If you’re listening to FM radio 99.2 in Moulvibazar District in the northwest region of Bangladesh, you’ve landed on Radio Pollikontho, a community radio station with daily programs reaching about 400,000 people. Members of the station’s more than 700 listeners clubs can tune in for information on a variety of agricultural, education and health-care issues.
© Farzana Hoosen
A live radio talk show in progress
As part of a multi-year project launched by Ipas Bangladesh and partners in 2017, listeners can now join a club devoted to reproductive health, with a focus on modern contraception. Presented in a radio-magazine style, this club lets listeners know where contraceptive services are available locally and provides information to dispel the many cultural and religious myths about contraception, particularly with respect to long-acting methods.
Women like Sreemati (identified here by her first name only), a married mother of two, are among those who have turned to Radio Pollikontho for this kind of information. She lives in what is known as a “Horizon community” in Moulvibazar, where the main form of employment is sweeping and cleaning human wastes and sludge. In Bangladesh, Sweepers are a socially isolated and neglected community of the society.
After listening to the family planning programs, Sreemati decided that, living on a small income and with two children already, she wanted to consider limiting the size of her family. She reached out to Radio Pollikontho, which linked her to a local welfare assistant, and, after discussion with her husband, she decided to get a long-acting contraceptive implant.
The need for contraception
Nearly half of all pregnancies in Bangladesh are unintended. According to a Guttmacher Institute report, 2.8 million pregnancies in Bangladesh in 2014, accounting for 48 percent of all pregnancies, were unintended. While Bangladesh has seen success with family planning programs in recent decades, the percentage of couples using contraception has not risen significantly in recent years, and there has been a consistent decline in the use of long-acting methods over the past 25 years.
Even though menstrual regulation (or MR, as abortion is known in Bangladesh) is legal in the first 12 weeks of pregnancy, many women are not aware of availability of legal MR and resort to ending their pregnancies by unsafe methods.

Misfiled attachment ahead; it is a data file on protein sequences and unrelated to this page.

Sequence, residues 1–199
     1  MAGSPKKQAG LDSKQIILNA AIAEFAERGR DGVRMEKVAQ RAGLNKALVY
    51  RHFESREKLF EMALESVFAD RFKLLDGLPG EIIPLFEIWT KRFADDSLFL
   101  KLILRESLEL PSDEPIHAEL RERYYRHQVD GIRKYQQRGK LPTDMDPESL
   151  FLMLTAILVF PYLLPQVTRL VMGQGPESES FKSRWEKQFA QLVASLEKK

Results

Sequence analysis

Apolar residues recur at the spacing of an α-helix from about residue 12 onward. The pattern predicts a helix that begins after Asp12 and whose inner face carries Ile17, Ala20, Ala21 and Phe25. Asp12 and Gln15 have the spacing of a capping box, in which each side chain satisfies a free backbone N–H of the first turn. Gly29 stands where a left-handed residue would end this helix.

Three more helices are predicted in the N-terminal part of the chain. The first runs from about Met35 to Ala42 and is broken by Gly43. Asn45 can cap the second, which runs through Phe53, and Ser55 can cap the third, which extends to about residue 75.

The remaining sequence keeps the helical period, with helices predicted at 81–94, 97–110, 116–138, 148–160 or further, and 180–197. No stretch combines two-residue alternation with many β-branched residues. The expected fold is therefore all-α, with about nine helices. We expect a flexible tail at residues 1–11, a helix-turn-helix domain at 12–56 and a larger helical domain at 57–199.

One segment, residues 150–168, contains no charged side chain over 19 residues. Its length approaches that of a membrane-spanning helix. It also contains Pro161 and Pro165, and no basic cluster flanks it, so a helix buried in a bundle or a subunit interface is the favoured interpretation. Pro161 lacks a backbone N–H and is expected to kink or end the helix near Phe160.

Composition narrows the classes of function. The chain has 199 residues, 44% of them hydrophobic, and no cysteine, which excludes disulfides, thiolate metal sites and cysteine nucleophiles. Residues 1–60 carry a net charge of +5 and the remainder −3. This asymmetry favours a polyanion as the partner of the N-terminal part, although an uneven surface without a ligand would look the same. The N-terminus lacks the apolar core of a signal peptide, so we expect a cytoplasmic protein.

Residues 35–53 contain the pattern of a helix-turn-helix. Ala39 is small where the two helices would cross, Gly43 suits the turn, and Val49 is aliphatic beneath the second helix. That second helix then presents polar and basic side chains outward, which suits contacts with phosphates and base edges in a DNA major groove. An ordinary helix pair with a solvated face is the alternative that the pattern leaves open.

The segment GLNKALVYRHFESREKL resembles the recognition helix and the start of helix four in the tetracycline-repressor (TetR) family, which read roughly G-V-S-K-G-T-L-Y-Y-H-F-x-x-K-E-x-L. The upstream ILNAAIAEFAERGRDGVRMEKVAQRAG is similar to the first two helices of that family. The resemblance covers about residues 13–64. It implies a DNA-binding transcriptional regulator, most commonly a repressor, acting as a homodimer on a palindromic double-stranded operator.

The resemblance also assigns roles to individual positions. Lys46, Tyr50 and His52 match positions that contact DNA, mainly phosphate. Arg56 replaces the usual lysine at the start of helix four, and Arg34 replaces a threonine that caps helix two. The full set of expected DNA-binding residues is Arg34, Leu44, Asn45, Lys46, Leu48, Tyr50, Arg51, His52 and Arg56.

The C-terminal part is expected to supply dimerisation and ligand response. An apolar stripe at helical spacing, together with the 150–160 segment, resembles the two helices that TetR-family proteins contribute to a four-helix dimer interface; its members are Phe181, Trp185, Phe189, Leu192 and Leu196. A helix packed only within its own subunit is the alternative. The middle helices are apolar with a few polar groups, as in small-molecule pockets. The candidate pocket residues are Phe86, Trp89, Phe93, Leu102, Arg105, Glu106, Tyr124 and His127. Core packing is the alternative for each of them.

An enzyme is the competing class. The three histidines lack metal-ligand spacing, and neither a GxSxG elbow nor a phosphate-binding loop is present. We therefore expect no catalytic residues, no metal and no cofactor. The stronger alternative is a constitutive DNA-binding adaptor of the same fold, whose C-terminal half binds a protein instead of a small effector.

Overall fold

The work with radio stations is just one aspect of a larger, five-year project initiated by Ipas Bangladesh and partners to increase the availability of modern contraceptives, particularly long-acting methods. The long-term goal is to help reduce the incidence of unplanned pregnancies and unsafe abortions in Bangladesh.
Partners in the project, which is being carried out with support from the UK Foreign, Commonwealth and Development Office, include the Reproductive Health Services Training and Education Program, the Bangladesh Association for Social Advancement, the Association for Prevention of Septic Abortion, Bangladesh and the Bangladesh NGOs Network for Radio and Communication, with which Radio Pollikontho is affiliated.
“Far too many women are being forced to take unnecessary and unacceptable risks to control their fertility,” says Dr. Sayed Rubayet, director of Ipas Bangladesh. “There is a huge gap between women’s reproductive intentions and their use of contraception.” He says the discrimination that women face in education, employment and many other aspects of their lives, especially if they are young and unmarried, has a negative impact on their ability to access reproductive care.
Policy barriers and cultural and religious norms also inhibit women’s ability to access services. “Most of the myths and misconceptions regarding family planning in Bangladesh are related to long-acting methods, and some connected with religious beliefs,” says Md. Mamunur Rashid, Ipas Bangladesh senior advisor for community access. “Some believe that, if you have an IUD in your body, after you die, the Imam may refuse to lead your funeral. Some believe that injectable contraceptives may create infertility, or cause cancer and lead to other health problems. The community radio programming discusses these types of myths and presents accurate, factual information about family planning.”
Community outreach session discussing family planning methods with women and girls in Chilmari
In addition to the community education and outreach through radio programs, the project thus far has trained hundreds of new providers in the provision of family planning, menstrual regulation and postabortion care. This has helped to expand the offering of services at nearly 50 facilities, which is critical, because a national shortage of providers is a major barrier to accessing services. The project is also focusing on improving the quality of contraceptive services. Women who have been interviewed by project staff say that waiting times, lack of privacy, and poor follow-up and referral procedures are a problem.
For women like Sreemati, these efforts are helping them take more control over their reproductive health and their futures. She says that she and other women in her community are grateful for the information they have received through Radio Pollikontho. “Our incomes are very limited, and now we have the information we need determine the size of our families.”